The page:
As they try to figure out what to do about residential shoveling, Des Plaines officials are poised to crack down on businesses with a separate ordinance revision. Some merchants on major thoroughfares such as Oakton and Lee Streets and Mannheim Road neglect their snow-removal obligations, Ald. Carla Brookman said.

    “We’ve had a long-standing problem of businesses not keeping their sidewalks clear,” Brookman said. “It forces pedestrians to walk in the street.”

    State law marked change

    The move toward penalizing those who let snow and ice build up on their walks is a big shift from the days when homeowners who cleared their snow could face lawsuits from someone if they slipped and fell. That changed in Illinois in 1990, when a state law immunized snow shovelers from lawsuits.

    Since then, many municipalities, including Chicago, have hiked fines or put in place ordinances to force snow clearing on public sidewalks.

    In February, Oak Park passed an ordinance with the same $750 maximum fine originally proposed last month for Des Plaines. Village officials said they wanted to enhance the western suburb’s pedestrian-friendly reputation, while making the slog through wintry streets a little easier, especially for students and the disabled.

    “Oak Park’s a walkable community,” Powers said. “We have neighborhood schools, and children walking to them every day.”

    Publicity about the ordinance helped, including hanging yellow warning notes on the front doors of several dozen residents who had not shoveled their front walks, officials said. The move has led to many more clean sidewalks this winter, Powers said. So far, no one has been fined, he said.

    The Des Plaines ordinance was proposed after City Atty. David Wiltse found that an existing city ordinance regarding the responsibility of homeowners for public sidewalks didn’t specifically apply in winter.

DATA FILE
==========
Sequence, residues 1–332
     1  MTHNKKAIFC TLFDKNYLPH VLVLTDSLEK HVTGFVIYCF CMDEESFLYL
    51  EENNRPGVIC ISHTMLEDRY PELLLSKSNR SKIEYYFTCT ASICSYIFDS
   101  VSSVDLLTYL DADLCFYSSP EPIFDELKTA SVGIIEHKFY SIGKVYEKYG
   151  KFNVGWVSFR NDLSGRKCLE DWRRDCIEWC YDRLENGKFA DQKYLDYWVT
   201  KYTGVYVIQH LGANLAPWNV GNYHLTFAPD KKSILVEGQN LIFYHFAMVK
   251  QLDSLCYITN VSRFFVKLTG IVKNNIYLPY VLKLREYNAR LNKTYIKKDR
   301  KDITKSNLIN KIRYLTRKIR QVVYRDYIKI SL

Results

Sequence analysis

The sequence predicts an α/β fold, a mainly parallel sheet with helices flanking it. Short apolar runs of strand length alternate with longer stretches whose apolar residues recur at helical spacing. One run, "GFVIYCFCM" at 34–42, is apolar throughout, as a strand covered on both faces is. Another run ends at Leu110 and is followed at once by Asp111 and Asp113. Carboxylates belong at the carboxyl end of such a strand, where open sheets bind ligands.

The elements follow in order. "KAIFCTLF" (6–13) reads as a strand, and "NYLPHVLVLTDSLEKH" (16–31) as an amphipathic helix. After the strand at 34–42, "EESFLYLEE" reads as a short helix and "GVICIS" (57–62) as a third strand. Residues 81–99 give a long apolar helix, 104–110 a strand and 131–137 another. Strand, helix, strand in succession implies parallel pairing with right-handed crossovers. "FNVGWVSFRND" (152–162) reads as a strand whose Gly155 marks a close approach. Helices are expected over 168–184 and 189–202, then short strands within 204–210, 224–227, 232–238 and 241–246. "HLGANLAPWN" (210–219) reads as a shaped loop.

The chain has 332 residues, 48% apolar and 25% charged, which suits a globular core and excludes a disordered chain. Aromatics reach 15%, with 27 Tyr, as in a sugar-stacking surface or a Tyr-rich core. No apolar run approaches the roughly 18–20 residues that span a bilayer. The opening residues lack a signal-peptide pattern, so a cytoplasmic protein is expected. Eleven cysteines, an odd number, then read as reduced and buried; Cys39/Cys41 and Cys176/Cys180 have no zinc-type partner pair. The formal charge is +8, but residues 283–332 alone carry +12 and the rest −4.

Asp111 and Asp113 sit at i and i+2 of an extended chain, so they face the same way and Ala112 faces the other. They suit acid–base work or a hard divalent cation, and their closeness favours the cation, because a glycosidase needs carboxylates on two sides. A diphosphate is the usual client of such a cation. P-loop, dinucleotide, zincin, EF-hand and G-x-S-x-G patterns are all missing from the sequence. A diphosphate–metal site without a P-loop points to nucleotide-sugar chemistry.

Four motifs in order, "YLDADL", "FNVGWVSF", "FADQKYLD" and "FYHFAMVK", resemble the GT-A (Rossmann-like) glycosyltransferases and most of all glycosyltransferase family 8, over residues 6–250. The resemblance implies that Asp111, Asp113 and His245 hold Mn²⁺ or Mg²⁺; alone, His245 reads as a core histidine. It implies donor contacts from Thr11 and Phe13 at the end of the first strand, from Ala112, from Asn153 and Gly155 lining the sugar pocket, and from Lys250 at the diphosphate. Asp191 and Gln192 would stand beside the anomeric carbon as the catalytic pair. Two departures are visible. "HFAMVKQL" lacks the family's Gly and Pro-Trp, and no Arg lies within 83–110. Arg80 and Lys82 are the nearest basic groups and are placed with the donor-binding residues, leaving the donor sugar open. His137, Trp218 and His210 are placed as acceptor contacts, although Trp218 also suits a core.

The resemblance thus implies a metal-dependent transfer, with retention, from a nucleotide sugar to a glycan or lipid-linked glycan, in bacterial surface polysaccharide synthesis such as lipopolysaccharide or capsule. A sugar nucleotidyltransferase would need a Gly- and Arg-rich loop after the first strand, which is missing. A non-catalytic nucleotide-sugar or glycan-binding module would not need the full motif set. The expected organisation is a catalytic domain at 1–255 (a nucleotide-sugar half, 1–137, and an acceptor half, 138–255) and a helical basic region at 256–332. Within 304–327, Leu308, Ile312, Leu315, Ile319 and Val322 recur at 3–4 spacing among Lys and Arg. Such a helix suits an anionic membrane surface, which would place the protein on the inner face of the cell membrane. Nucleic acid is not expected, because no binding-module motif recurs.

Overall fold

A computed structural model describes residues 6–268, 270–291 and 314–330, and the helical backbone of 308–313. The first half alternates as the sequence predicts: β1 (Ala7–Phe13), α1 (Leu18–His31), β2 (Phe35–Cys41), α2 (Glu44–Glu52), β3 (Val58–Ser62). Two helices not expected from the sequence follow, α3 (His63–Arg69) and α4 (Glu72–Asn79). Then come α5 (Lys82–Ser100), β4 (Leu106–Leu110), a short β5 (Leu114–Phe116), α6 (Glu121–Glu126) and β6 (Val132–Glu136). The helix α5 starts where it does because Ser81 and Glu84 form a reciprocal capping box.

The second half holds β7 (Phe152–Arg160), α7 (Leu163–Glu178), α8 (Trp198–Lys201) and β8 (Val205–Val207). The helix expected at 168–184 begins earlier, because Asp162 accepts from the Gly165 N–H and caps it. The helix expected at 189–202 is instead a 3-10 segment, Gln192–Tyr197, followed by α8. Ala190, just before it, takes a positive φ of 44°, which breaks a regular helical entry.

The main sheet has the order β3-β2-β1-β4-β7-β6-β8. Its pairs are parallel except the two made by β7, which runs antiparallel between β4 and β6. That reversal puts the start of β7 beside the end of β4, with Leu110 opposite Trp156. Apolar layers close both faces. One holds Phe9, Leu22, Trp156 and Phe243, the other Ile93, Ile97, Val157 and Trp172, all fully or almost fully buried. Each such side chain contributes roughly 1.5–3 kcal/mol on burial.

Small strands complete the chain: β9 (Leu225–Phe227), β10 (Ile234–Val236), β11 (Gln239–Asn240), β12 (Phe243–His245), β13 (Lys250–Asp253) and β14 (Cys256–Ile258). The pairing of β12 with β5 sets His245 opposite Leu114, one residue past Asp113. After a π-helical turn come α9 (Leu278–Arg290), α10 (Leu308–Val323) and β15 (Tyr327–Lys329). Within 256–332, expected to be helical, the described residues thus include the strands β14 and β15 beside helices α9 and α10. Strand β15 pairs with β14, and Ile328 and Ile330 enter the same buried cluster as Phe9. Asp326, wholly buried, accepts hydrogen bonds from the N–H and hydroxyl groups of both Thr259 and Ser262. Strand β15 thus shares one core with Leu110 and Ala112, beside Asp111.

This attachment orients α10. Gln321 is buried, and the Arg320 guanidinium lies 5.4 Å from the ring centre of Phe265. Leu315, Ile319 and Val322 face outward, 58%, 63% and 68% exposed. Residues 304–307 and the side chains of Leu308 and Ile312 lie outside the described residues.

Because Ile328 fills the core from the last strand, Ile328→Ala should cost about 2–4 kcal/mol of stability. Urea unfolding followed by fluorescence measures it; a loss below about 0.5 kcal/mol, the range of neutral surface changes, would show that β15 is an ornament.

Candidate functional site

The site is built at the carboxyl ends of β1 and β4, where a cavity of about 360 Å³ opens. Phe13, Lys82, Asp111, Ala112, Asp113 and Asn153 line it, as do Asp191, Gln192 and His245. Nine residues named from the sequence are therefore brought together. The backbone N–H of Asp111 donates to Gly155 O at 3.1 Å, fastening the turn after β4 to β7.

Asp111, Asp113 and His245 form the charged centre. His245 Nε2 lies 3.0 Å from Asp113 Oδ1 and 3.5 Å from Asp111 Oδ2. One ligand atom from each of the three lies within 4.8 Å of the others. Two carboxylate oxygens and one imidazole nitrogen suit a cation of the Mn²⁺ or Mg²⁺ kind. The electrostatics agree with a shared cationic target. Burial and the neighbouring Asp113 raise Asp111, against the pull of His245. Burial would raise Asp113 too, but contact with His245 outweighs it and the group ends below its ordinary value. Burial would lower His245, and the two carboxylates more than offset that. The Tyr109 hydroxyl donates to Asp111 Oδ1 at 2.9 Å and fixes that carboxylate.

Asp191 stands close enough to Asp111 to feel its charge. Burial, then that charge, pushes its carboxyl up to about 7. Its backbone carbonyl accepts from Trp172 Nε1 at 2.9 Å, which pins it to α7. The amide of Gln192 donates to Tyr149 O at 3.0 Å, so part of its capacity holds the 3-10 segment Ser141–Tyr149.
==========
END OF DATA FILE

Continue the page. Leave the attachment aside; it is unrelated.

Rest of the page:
“We already have an ordinance about keeping the sidewalks clear,” but it doesn’t refer to snow, Wiltse said.

    Most Des Plaines ordinances carry a standard fine that ranges from $1 to $750, the same rate that would have applied to the proposed snow-shoveling ordinance. But the high fines drew complaints, and when Brookman and others objected, the residential ordinance was sent back to Wiltse’s staff to be redrafted and resubmitted to the City Council, most likely with lower fines.

    Objections were tossed like so many snowballs at a recent Des Plaines City Council meeting on the subject. Opponents cited instances of people who can’t shovel their snow when a storm hits, and so shouldn’t be in danger of getting fined. A few pointed out that the ordinance is supposed to help the disabled and older residents, but that they could end up with a citation.

    “I don’t think it’s necessary,” said resident Dion Kendrick, who spoke out against the ordinance. “Why should we penalize the good ones, who might be out of town when it snows?”

  6. Michael Van Slambrouck owns a printing business in Des Plaines and has lived in the suburb for 31 years. It would be better, he said, for the city to apply friendly pressure to homeowners and businesses.

    “Making people aware of the problem, that’s government’s responsibility, and the fining portion of that, I don’t think that’s a good idea unless they’ve made numerous petitions to people that they’re in violation,” Van Slambrouck said.

    Another resident, Brian Burkross, a politicial gadfly, said a smaller fine should be sufficient.

    “I think if they have a $25 or $50 fine, and people aren’t shoveling and they keep getting hit, they’ll get the message,” Burkross said.

    Businesses to get less leeway

    Under a separate snow-removal proposal for commercial properties, businesses can expect tighter rules on how they clear their snow, including requiring that they keep handicapped parking spaces clear and don’t push snow from their parking lots onto sidewalks or streets, officials said. That measure is more likely to move forward swiftly, Brookman said.

    Many suburbs have added restrictions on property owners, but some have tried and failed.

    In Park Ridge, city staff recommended an ordinance in 2005 to close a loophole allowing homeowners to push snow from their driveways into the street.

    “It’s a dangerous practice, and it should stop. But the City Council here felt otherwise, so you still can do it,” said City Manager Tim Schuenke.

  7. Get those two lazy kids out there to shovel the snow. A little work won’t kill them. Shovel the walks so people dont have to walk in the streets!